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From battlefield to sport arena: the rebirth of bokator

By: Cat Barton Posted: January-01-2006 in
Cat Barton

Experts of the ancient martial art of bokator competed in the first modern championship last month.

Grand Master San Kim Sean conjures up images of King Jayavarman VII, the Buddhist ruler who united a war-torn Cambodia in the 12th century.

Sean says Jayavarman was an expert of the ancient Khmer martial art of bokator, and like Jayavarman, he is using bokator to make Cambodia great.

"Everything Jayavarman VII achieved came from bokator," Sean said. "I cannot build temples as he did, but I follow in his footsteps. I want to make Cambodia great in the 21st century as he did in the 12th."

Beginning on September 26, 2006, Sean came a little closer to achieving his aim. The first Khmer Bokator Championship was held over four frenetic days in Phnom Penh's Olympic Stadium.

Attracting 307 participants, sizable audiences, and unprecedented levels of media attention, it has gone some way in furthering Sean's dream of having Cambodia's indigenous martial art recognized across the globe.

"Bokator has awoken," Sean said. "Cambodia's younger generation know the name bokator but they don't know what it is or what it looks like. They don't understand its importance to our culture. But that will change."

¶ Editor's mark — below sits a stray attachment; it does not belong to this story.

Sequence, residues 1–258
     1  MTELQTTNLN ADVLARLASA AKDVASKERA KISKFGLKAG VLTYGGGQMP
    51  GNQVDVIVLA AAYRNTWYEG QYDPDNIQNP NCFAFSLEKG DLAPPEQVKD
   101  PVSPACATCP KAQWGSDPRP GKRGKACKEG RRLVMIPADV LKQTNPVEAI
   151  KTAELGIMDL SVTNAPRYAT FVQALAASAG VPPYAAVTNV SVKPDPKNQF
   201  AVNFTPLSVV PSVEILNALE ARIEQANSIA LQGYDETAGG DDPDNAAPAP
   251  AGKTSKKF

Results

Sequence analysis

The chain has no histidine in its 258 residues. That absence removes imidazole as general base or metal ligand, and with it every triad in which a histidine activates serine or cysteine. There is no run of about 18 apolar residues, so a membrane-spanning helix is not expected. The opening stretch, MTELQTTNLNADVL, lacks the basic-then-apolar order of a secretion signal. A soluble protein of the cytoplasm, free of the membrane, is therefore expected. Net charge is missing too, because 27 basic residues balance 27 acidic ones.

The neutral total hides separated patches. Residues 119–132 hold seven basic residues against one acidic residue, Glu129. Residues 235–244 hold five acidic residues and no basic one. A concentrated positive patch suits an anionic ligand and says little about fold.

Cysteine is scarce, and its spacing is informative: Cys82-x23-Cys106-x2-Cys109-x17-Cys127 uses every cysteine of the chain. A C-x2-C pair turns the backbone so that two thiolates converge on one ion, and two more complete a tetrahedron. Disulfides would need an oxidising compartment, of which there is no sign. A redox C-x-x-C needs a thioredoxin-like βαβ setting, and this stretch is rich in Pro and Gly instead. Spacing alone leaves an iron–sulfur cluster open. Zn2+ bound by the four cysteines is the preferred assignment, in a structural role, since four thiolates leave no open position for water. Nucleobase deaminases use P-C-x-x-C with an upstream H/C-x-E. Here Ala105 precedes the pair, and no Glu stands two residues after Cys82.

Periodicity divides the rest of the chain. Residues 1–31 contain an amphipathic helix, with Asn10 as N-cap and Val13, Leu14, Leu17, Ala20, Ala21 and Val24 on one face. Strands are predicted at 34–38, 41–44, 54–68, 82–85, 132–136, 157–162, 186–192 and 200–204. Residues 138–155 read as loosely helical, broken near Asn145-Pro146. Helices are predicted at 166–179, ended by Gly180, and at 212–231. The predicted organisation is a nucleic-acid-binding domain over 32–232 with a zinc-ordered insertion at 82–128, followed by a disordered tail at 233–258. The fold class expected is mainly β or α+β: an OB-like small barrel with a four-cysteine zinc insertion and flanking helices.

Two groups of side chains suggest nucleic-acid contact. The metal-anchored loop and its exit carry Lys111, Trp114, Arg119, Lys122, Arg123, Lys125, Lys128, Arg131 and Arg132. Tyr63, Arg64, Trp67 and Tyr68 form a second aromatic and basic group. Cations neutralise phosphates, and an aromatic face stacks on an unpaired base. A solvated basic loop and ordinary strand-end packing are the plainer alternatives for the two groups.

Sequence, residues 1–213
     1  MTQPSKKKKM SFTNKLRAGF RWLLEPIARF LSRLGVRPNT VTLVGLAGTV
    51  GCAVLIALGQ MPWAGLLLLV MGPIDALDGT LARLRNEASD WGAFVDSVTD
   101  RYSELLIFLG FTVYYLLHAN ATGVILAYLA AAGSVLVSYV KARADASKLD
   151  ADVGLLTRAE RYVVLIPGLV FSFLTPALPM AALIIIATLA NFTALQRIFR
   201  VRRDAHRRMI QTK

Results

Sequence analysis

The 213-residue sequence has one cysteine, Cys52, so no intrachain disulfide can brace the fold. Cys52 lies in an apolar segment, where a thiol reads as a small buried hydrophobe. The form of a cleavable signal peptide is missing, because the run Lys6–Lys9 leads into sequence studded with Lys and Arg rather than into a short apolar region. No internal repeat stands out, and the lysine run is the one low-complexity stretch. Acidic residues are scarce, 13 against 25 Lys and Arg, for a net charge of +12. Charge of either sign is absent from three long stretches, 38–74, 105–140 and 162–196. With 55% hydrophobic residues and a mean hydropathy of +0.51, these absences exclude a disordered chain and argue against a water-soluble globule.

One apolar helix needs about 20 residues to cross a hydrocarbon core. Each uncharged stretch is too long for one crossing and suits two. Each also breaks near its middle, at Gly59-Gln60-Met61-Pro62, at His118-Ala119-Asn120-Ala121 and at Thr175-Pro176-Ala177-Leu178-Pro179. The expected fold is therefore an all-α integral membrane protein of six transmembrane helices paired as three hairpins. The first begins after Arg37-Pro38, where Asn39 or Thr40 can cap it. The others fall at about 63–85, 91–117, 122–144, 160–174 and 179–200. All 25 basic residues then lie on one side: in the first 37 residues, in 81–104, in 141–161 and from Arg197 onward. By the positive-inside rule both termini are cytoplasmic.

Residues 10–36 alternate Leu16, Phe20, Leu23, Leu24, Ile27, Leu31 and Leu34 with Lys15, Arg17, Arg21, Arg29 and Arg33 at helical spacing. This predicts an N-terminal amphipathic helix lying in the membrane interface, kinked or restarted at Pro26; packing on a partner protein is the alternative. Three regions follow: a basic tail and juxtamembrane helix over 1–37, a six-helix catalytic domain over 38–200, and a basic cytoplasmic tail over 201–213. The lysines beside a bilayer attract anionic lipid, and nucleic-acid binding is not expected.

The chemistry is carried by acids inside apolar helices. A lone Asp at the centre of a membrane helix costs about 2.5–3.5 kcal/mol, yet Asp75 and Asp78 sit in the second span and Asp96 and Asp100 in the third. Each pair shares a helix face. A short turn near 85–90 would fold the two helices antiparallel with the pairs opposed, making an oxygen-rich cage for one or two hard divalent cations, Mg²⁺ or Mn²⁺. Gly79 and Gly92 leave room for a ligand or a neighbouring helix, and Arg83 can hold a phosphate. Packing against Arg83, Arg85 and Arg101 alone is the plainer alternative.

Depicted in the carvings of Angkor Wat's bas reliefs, bokator is a martial art that Sean believes encapsulates the beauty, strength and wisdom of Cambodia.

More than merely a deadly fighting technique, bokator weaves together Cambodia's ancient religious traditions of Buddhism and Brahmanism. According to Sean, this syncretic spirituality is a practical guide to fighting: left hand Buddha; right hand Brahma.

"We use the right hand to fight," said Sean. "The left hand is different, it protects, it doesn't fight, it is the god that doesn't want to have problems with people. The right hand fights, the left protects."

Bokator evolved in Cambodia's jungles, Sean said.

"Bokator is a technique to fight lions," he said. "We used our martial arts to fight with jungle beasts, not just Cambodia's human enemies."

The art has ten individual styles, each an interpretation of the fighting movements of an animal or spirit: king monkey, lion, elephant, apsara, crocodile, duck, crab, horse, bird and dragon.

Following a detailed explanation of the exact bokator techniques needed to kill a tiger, Sean said he soon realised that to preserve this art in contemporary Cambodia he would have to transform it from a deadly battlefield technique into a sport.


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